Mr Justice Arnold agreed with Teva’s contention that it should be inferred that AI's motive to assign 724 to AML was to avoid having to give disclosure of documents in the event that Teva brought a claim to revoke 724. AI had been prepared to assert 046 against Teva in Germany, but not even to defend 724 in the UK, and for this “there could be only one explanation, because there is only one material difference between revocation claims in Germany and the UK: disclosure”. Teva contended that it may be inferred that AI had damaging documents which it would have had to disclose in the UK.

However, Mr Justice Arnold did not accept that this in itself made it “desirable” for AI to remain a party, noting that a “group of companies is entitled to structure its patent holdings in whatever manner it considers most advantageous”, and that “there is nothing improper about choosing an ownership structure which avoids or minimises the risk of disclosure”. He also noted that there would be other ways for Teva to obtain disclosure from AI even if it were not a party.

Teva argued that their real adversary was AI and therefore AI should be a party so that the court’s rulings would be binding on it. The key question was whether Teva had a legitimate interest in ensuring that AI was bound by the court’s decision on the merits. In answering this question, Mr Justice Arnold considered the principles concerning the grant of declaratory relief. He then explained that, in deciding whether it was “desirable” for AI to remain a party, it was sufficient to decide whether Teva had a real prospect of successfully claiming declaratory relief against AI: if Teva had a real prospect of success, then it must follow that it was desirable for AI to remain a party.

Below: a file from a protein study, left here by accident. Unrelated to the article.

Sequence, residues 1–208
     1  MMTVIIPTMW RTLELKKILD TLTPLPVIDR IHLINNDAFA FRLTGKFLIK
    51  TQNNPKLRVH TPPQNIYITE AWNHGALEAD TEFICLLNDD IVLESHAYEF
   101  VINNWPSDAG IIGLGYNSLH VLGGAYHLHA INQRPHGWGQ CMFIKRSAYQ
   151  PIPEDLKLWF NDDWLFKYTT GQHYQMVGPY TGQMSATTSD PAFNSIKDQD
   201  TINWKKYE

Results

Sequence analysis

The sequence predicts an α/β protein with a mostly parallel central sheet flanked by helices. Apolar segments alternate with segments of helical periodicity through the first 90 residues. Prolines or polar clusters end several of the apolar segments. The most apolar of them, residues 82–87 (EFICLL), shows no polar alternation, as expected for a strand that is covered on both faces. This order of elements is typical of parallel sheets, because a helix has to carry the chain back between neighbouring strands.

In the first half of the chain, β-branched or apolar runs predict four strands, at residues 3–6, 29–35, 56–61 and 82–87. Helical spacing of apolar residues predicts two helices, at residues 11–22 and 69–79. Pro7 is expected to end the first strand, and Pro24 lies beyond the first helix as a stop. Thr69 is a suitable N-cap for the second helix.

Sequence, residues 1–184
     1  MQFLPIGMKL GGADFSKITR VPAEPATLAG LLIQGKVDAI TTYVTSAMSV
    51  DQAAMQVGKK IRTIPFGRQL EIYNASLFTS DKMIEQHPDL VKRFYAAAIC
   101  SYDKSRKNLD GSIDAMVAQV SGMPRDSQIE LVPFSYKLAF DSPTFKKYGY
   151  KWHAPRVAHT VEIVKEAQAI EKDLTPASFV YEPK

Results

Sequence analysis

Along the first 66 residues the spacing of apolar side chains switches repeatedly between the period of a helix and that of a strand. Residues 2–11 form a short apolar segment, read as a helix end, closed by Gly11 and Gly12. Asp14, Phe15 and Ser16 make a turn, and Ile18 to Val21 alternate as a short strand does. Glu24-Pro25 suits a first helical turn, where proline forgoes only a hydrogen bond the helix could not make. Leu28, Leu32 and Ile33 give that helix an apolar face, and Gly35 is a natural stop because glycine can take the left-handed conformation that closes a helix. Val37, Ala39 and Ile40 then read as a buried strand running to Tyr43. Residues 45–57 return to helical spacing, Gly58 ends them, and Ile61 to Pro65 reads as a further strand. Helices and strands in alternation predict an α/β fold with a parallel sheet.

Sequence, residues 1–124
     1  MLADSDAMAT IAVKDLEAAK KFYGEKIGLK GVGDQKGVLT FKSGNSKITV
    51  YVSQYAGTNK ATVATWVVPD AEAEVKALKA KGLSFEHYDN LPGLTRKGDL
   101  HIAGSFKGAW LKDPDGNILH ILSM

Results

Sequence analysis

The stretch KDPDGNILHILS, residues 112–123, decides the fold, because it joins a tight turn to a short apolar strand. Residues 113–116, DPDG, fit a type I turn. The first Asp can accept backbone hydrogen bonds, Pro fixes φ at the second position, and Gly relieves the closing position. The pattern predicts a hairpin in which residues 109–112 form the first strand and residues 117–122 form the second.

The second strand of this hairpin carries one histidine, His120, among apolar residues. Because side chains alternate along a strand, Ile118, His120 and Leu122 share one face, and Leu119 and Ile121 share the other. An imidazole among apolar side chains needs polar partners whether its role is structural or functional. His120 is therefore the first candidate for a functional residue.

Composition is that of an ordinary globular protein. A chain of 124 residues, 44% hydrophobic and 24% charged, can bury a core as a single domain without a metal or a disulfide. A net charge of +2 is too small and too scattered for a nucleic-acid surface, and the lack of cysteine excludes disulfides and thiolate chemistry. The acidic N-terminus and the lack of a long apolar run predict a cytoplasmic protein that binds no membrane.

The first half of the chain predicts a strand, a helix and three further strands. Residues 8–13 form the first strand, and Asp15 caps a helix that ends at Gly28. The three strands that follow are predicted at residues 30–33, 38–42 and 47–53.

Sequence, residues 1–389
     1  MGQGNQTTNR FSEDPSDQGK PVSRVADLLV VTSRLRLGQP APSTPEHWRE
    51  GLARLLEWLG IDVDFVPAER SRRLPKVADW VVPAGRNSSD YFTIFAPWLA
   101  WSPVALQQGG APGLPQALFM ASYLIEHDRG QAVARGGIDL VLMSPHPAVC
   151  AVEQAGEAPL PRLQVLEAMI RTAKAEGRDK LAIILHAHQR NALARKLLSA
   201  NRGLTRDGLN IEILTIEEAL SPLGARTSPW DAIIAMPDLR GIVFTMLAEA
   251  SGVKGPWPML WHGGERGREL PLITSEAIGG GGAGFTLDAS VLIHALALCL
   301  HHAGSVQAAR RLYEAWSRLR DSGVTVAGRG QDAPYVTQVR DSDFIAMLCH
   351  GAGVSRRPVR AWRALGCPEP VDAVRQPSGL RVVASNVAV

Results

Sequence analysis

In addressing this Mr Justice Arnold identified four ways in which AI may be affected by the court’s determination of the issues concerning 724(UK):

First, AML could assign 724 back to AI at any time.

Secondly, keeping AI as a party removed an obstacle in the way of Teva relying on the principle in Henderson v Henderson as an answer to a future claim by AI of infringement of 046 (UK) (if AI was able to obtain an order for restoration of 046 (UK) to the register) or other patents in the family.

Thirdly, if Teva was successful in the UK, it may then wish to contend that the findings of fact made by the UK court were res judicata, giving rise to issue estoppels binding on Amgen in other proceedings, such as the proceedings against AI in Germany for revocation of 046 (DE). Whilst national courts would decide the effect of such finding, Arnold J considered that Teva was more likely to prevail if AI was a party.

Fourthly, Arnold J noted that Amgen could file an application for a SPC in respect of 724 (UK) based on Teva's marketing authorisation for Lonquex and, whilst the natural interpretation of the SPC Regulation lead to the conclusion that only AML could be granted the SPC, Arnold J’s experience of “many references to the Court of Justice of the European Union concerning the interpretation of the SPC Regulation shows that it is difficult to be confident as to the answers to such questions”. Therefore it was at least arguable that if a SPC could validly be granted, it could be granted either to AI (as original holder of the patent) or to AML (as AI's successor in title).

Accordingly, Arnold J considered it desirable for AI to remain a party and Amgen’s application was dismissed.

Read the decision (in English) here.

Head note: Scott Parker and Ben Hall